Here is some plot points and thoughts I took away from running this adapted plot in Greyhawk:
1. The Provincial Navy makes a great villain or power group. Naturally, given the plot my main antagonist was a rear admiral based on Buford T. Justice. he is a variant paladin of Hextor whose evil brand of maritime law is perfect for chasing offenders way out of his jurisdiction. There is many seafaring nations on the Azure and the South Province is arguably the most tyrannical of the lot, yet they are still a stable, lawful nation so I built them up as an economic force in addition to a military might by blockading Irongate from exporting beer to Keoland. Their fleets' presence on the sea is a threat to pirates and merchants alike. However, Hextorians aren't known for sea based warfare, so I played them as terribly inept compared to an experienced Sea Princes crew. The sight of a yellow flag with a crowned boar's head is now forever ingrained in my players mind as a bad guy. They will appear again.
2. True Strike plus siege weapons is bad news. When it comes to ship to ship combat, I tend to keep it vague and cinematic, I don't like to get bogged down in ship stats and would rather get on to a boarding action or evade a pursuer entirely. However players will throw you curves and the first level True Strike is one of those 3.5/Pathfinder era spells that just needs to go away. True Strike when applied to a siege weapon I think is OP and I'm sure I'll find out later that it doesn't work on these devices, but for now it's cutting into my thrill of ship combat.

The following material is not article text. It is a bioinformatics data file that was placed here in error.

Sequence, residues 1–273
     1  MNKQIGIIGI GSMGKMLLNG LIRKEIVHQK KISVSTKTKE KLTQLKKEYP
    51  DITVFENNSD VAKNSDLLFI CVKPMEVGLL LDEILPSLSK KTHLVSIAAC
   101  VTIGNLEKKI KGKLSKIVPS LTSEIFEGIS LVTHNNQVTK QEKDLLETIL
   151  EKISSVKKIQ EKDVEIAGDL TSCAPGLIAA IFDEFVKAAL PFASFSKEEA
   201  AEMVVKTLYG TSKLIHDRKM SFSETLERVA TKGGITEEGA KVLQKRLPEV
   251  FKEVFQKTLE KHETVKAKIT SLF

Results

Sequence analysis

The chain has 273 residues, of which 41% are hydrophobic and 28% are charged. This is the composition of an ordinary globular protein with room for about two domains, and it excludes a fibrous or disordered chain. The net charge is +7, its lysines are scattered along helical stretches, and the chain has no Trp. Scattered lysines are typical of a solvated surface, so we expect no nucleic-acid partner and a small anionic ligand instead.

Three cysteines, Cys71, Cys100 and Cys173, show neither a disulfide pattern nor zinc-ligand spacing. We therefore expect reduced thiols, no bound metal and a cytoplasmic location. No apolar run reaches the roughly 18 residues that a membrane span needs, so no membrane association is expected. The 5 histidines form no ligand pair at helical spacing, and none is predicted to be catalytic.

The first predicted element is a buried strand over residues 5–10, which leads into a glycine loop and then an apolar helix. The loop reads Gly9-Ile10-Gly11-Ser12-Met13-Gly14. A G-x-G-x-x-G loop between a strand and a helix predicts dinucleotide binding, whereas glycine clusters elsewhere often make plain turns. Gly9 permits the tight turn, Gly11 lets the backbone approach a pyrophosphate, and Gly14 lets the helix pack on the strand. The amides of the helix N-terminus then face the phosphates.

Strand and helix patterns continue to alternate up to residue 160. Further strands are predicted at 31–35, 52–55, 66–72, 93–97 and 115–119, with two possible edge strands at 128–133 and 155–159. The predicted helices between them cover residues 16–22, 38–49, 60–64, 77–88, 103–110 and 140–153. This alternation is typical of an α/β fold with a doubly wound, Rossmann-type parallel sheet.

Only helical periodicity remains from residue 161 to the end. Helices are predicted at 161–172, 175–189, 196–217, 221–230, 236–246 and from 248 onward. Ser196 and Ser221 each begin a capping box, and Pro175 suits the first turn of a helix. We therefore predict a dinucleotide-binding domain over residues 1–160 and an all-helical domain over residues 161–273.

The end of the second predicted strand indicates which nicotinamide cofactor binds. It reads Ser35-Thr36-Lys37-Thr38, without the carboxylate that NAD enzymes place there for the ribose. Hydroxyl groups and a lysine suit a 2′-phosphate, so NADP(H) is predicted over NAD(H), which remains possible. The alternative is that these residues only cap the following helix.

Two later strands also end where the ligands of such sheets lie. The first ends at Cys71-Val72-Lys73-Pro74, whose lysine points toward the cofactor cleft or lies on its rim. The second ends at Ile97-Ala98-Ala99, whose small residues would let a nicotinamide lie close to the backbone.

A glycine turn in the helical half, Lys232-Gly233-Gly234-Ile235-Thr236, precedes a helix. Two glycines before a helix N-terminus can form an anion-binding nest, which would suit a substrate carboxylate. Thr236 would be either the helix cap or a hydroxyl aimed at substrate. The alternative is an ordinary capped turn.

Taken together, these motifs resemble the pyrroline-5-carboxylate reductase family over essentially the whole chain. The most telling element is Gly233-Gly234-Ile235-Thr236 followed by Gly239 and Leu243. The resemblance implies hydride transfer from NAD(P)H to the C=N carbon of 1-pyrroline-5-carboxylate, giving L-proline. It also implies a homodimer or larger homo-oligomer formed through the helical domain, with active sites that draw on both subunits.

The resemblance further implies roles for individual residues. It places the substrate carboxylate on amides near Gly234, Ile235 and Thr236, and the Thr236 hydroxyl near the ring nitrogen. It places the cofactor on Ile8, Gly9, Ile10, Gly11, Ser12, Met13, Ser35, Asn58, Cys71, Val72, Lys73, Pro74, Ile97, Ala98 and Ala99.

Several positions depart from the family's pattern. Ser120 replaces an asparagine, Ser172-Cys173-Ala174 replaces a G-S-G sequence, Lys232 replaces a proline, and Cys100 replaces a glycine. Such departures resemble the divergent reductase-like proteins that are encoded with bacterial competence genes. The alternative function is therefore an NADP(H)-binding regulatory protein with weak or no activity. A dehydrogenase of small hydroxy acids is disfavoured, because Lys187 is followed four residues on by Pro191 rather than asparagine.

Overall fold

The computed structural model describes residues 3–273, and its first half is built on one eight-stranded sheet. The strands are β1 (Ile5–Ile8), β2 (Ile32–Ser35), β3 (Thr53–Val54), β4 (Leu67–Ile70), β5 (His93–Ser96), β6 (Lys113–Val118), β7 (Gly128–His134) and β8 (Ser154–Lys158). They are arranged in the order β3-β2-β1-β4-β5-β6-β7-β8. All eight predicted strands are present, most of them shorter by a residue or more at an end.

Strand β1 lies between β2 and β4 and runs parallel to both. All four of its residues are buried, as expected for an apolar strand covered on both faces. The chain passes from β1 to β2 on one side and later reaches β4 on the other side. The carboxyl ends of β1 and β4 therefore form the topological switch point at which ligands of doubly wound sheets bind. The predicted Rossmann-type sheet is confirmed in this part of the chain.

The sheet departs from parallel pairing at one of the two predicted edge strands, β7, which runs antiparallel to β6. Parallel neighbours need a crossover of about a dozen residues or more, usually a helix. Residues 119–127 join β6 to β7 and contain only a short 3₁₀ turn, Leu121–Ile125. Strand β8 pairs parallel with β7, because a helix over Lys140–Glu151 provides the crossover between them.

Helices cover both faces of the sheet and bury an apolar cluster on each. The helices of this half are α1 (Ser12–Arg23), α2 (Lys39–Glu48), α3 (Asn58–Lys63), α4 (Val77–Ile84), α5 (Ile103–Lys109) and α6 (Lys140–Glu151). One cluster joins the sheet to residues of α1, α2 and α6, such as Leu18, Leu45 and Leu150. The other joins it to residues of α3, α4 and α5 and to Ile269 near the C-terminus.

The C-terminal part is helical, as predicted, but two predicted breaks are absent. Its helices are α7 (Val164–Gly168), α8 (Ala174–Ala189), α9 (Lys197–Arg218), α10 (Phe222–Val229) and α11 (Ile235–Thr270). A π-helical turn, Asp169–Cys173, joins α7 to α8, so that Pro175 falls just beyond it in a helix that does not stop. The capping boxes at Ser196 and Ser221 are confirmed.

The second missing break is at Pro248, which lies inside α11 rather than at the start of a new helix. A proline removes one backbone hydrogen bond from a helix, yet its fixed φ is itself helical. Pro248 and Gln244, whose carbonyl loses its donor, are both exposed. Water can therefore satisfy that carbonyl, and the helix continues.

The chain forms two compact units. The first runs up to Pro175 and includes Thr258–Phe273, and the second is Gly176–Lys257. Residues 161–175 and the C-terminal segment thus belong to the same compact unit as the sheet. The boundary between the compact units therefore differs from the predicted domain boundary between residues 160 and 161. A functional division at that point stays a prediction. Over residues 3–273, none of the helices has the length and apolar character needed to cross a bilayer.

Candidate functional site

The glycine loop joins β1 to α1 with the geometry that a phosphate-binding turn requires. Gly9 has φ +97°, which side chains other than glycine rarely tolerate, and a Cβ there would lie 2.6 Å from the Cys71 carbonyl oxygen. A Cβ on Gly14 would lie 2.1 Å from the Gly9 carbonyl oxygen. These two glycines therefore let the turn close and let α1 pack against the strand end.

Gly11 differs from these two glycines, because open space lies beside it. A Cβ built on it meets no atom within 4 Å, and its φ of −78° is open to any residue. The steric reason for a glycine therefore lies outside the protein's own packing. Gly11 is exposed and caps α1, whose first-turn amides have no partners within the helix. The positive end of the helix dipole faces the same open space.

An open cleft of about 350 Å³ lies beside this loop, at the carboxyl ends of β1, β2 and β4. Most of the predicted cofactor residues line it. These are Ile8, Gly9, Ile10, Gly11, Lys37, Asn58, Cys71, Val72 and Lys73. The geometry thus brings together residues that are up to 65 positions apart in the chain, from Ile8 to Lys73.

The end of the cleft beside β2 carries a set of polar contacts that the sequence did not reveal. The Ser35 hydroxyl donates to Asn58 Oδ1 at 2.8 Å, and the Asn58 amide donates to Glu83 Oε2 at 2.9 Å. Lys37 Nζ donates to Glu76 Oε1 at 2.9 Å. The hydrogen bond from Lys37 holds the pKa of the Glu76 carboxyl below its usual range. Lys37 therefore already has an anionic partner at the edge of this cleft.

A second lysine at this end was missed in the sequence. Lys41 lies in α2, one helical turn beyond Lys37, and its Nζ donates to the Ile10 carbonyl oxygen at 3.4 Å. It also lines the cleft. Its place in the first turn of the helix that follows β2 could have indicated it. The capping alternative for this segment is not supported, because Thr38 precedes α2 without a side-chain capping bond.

3. Always try to say yes to players' actions. When running a swashbuckling adventure, players tend to try things and take risks that they normally wouldn't in a static dungeon setting. I used to be a hard-nosed DM who tried to keep things grounded, but on the open sea with that much rope hanging around why not let the players do some crazy acrobatic things.
|Curses! I didn't crit anyone. Arr!|
5. Maps are essential, especially if you're going to run a sea-based campaign. This may seem like a no-brainer, but its easy to forget that visual aids help in player immersion. I could have easily led the players on a rail-road journey from Irongate to Gradsul without use of one, but knowing that they needed to get there in 13 days; being able to see their progress charted out in front of them kept them on edge to the very last day of the mission. For DMs it's also a quick way to teach the setting to new players. I learned Greyhawk by Darlene's map and exploring it with my eyes before I ever played in it.
6. Communication at sea is helpful in moving the story. In the real world there is ways to communicate at sea; signal flags, lights at night or even yelling. In a world of magic there is even more possibilities like the spells Whispering Wind, Sending and so on. For this campaign certain ships were equipped with magic figureheads that could cast Sending to any other figurehead once a day. What this simulated was the CB communications from Smokey and the Bandit. Not every ship had these, but I made sure the main ships did.
That's all for now!